Yeah, me too.

I feel that the story of the oppressed sorcerer is founded in the assumption that you are one of the special ones. But special has to equal rare, or it wouldn't be special anymore. Assume that you're a farmer caught in arcane crossfire, watching her home burn; assume that you're a merchant who just gave away goods worth a year of overhead thanks to a magician's charm; assume that you're a twelve year old girl who just caught a magician's eye - the equation changes. You start to think that maybe there needs to be some way to control these people. Maybe you even think that if the best solution you can think of is to put them in the ground, then maybe it's ok. Maybe it's the least of all available evils.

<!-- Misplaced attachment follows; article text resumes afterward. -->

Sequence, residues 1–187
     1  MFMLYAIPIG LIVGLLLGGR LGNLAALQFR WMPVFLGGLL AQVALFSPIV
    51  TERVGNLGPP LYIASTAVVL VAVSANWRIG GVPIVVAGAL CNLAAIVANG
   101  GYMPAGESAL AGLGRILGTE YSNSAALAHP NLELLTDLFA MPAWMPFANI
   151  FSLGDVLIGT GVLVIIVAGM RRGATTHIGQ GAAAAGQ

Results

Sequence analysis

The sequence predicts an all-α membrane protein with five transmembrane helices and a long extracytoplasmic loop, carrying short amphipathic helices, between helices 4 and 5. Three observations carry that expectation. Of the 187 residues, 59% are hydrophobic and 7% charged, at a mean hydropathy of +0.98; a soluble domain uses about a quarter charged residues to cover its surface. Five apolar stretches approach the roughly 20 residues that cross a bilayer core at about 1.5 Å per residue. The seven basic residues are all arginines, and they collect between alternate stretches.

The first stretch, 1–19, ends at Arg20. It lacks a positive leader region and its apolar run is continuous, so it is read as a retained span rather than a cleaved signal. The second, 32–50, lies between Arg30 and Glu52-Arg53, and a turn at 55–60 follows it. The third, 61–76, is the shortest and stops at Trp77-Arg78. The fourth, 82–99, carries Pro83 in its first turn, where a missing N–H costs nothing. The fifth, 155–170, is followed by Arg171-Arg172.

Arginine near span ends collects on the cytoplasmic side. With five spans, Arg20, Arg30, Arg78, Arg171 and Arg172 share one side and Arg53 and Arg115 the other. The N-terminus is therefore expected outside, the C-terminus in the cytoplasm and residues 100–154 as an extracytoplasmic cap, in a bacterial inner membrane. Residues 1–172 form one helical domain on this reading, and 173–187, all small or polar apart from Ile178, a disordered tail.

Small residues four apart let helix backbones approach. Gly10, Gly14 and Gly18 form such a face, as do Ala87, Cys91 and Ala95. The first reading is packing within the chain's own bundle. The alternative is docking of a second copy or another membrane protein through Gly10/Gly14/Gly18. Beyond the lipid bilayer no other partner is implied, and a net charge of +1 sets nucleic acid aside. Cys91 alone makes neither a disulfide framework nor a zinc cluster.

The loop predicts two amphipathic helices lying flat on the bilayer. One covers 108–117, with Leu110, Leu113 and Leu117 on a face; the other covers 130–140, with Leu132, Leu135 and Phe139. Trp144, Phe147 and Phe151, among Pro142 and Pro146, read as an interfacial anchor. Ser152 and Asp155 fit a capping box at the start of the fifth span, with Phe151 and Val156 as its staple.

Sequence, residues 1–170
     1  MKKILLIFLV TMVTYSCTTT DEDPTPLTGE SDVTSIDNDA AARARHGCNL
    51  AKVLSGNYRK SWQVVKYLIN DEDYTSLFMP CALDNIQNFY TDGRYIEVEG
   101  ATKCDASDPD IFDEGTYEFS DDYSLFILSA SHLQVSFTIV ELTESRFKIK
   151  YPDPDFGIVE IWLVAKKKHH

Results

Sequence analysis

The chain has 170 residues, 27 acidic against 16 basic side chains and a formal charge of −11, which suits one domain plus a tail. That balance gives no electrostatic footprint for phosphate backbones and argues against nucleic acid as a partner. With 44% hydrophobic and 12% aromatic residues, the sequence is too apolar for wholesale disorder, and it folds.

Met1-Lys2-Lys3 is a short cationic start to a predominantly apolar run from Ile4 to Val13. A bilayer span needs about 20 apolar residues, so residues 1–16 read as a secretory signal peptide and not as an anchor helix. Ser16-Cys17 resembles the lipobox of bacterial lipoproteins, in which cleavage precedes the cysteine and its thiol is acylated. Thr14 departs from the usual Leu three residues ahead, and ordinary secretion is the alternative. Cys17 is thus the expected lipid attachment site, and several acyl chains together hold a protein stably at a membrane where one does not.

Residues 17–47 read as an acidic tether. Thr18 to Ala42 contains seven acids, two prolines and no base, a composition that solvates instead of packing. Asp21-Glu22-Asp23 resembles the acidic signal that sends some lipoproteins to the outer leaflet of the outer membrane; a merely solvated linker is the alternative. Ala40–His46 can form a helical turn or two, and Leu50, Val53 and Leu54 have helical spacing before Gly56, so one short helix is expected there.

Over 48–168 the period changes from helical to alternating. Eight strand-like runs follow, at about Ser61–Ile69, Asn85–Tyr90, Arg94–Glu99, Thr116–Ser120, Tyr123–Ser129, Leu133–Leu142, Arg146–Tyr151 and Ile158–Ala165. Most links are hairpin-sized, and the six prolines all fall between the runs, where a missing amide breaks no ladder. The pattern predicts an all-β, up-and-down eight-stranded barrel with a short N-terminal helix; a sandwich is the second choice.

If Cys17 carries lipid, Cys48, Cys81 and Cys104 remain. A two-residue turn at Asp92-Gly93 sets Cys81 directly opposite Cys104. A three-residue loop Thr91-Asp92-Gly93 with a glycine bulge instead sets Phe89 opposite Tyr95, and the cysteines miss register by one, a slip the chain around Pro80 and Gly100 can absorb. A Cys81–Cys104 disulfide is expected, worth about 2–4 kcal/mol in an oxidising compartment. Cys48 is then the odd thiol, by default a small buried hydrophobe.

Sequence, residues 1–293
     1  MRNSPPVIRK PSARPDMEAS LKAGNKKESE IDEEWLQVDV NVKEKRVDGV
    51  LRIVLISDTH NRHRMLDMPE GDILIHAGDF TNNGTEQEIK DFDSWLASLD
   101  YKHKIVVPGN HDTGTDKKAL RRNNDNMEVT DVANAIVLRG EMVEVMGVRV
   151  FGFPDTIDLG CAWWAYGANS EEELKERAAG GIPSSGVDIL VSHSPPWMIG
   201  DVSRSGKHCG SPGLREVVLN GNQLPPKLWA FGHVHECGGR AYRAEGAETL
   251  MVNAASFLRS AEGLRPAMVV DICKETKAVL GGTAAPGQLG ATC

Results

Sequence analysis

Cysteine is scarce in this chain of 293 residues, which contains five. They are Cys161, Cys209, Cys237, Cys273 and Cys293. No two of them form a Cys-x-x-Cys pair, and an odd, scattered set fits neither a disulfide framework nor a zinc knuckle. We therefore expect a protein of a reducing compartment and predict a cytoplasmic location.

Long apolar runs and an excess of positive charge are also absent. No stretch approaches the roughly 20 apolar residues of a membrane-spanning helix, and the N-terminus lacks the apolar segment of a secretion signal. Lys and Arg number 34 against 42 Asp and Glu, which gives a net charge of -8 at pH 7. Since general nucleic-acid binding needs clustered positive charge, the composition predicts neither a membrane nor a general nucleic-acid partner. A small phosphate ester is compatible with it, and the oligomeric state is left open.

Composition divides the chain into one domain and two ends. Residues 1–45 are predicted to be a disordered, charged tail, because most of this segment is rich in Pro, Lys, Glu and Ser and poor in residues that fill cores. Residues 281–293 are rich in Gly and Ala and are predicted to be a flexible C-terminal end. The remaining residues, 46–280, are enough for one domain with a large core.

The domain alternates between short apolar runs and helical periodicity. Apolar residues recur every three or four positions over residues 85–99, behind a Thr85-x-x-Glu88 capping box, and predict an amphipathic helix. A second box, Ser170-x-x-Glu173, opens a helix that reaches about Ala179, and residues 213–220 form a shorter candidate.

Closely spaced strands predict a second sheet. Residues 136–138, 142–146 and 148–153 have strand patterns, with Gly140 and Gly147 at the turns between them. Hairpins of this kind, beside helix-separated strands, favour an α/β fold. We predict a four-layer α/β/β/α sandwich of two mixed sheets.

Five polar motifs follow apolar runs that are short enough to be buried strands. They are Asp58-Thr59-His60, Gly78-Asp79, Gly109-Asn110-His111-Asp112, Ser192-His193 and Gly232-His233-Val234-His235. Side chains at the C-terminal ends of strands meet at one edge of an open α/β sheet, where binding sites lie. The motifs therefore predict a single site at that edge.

Now, all of this isn't to say that I don't ever want to read this kind of story again. What I'm looking for is a story that takes a more nuanced approach. I want the story to have a is well-built setting, of course, one that answers all the questions I raised above, but I also want it to provide multiple points of view on the problem of magic. Let's have the usual rag-tag band of heroic magicians and their hangers-on, but let's also have mage-hunters with legitimate grievances, people who have suffered at the hands of the "special few." Let's have a resolution that amounts to more than "the magic people should be free to do whatever they want, but don't worry - all the magic people who have been main characters are great."